When a sacramental, for example, a chalice, an altar, or a church has been desecrated, can it be reconsecrated? If yes, does the desecrated item have to undergo a normal consecration process, or does it have to undergo extra steps for it to become consecrated again? Does it apply to all sacramentals, or only certain types of sacramentals can be re-consecrated?

Thank you!

  • 1
    As far as I know, as long as the object is still in good physical shape, clean, and usable for its intended purpose, it can be reconsecrated. But I'm not an expert on canon law; that's why this is a comment and not an answer. May 11, 2016 at 16:55
  • 2
    I'm enjoying your questions, @MonicaLabbao... you think of things I've never thought of.
    – Flimzy
    May 11, 2016 at 20:57

1 Answer 1


Sacramentals can lose their blessing for a number of reasons.

"Items lose their blessing or consecration if they are desecrated, if they are substantially broken such that they can no longer be used for their sacred purpose, or if they are publicly sold. If an item is sold by one individual to another for only the price of the material itself, that is, if no profit is made, the blessing remains. For example, if you were to give someone a blessed rosary or sell it to him at cost, he would not have to have it re-blessed. If you were to sell a blessed rosary to someone for profit, he would need to take it to a priest to be blessed." The word desecration is commonly used in regard to churches, altars, chalices, etc.

For churches, altars etc. lose their consecration:

(1) A church loses its consecration or blessing when the building is destroyed either wholly or in greater part, or when an addition is made to it of larger extent than the original edifice. It does not become desecrated:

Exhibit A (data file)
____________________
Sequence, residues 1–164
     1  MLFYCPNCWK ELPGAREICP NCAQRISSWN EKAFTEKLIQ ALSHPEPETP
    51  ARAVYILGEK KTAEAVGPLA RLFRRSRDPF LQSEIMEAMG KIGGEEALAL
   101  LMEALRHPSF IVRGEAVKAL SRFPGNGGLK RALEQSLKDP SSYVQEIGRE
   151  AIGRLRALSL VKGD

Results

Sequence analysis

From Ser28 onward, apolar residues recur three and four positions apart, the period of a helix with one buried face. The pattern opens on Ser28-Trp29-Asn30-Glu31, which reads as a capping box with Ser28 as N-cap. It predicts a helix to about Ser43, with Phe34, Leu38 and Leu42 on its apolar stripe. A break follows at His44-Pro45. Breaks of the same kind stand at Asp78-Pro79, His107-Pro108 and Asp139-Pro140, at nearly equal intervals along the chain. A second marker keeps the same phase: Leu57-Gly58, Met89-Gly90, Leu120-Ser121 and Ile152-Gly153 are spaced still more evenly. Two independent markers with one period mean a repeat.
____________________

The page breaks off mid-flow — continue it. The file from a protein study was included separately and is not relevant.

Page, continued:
•(a) if a portion of the walls and roof falls in, provided the main portion stands, or

•(b) if all the interior plastering becomes detached, or

•(c) if all the crosses disappear, or

•(d) if all the walls are gradually renewed, provided on each occasion the old part is greater than the new, or

•(e) if converted for a while to profane uses, provided it is not polluted (cf. Many, De Locis Sacris).

(2) An altar (fixed) loses its consecration:

•(a) by a notable fracture of table or its support; as, for instance, if the table were broken into two large pieces, or if an anointed corner were broken off, or if the support were seriously impaired, or if one of the columns were displaced;

•(b) by removal of the table from its support, so as to disjoint them;

•(c) by displacing the relics, or cover of the sepulchre (cf. Schulte, Consecranda, p. 222).

(3) An altar-stone loses its consecration:

•(a) by removal of the relics;

•(b) by fracture or removal of the cover of the sepulchre;

•(c) by a notable fracture of the stone;

•(d) by breakage of the anointed corner of stone.

(4) As to the chalice and paten, see ALTAR, under subtitle Loss of Consecration.

The Church has a special **Rite for the reconciling of a profaned church. **

"If a church that was blessed is profaned, it may be reconciled by the pastor or by any priest who has his permission, expressed or presumed. The altar should be entirely bare. It should be prearranged that the officiants can conveniently go around the building, both outside and inside..."

There are also special prayers used in the Rite of reconciling of profaned cemetery.

Thus it stands to reason that if sacramentals are desecrated or lose their blessing through whatever means they may be re-consecrated or blessed by a priest.

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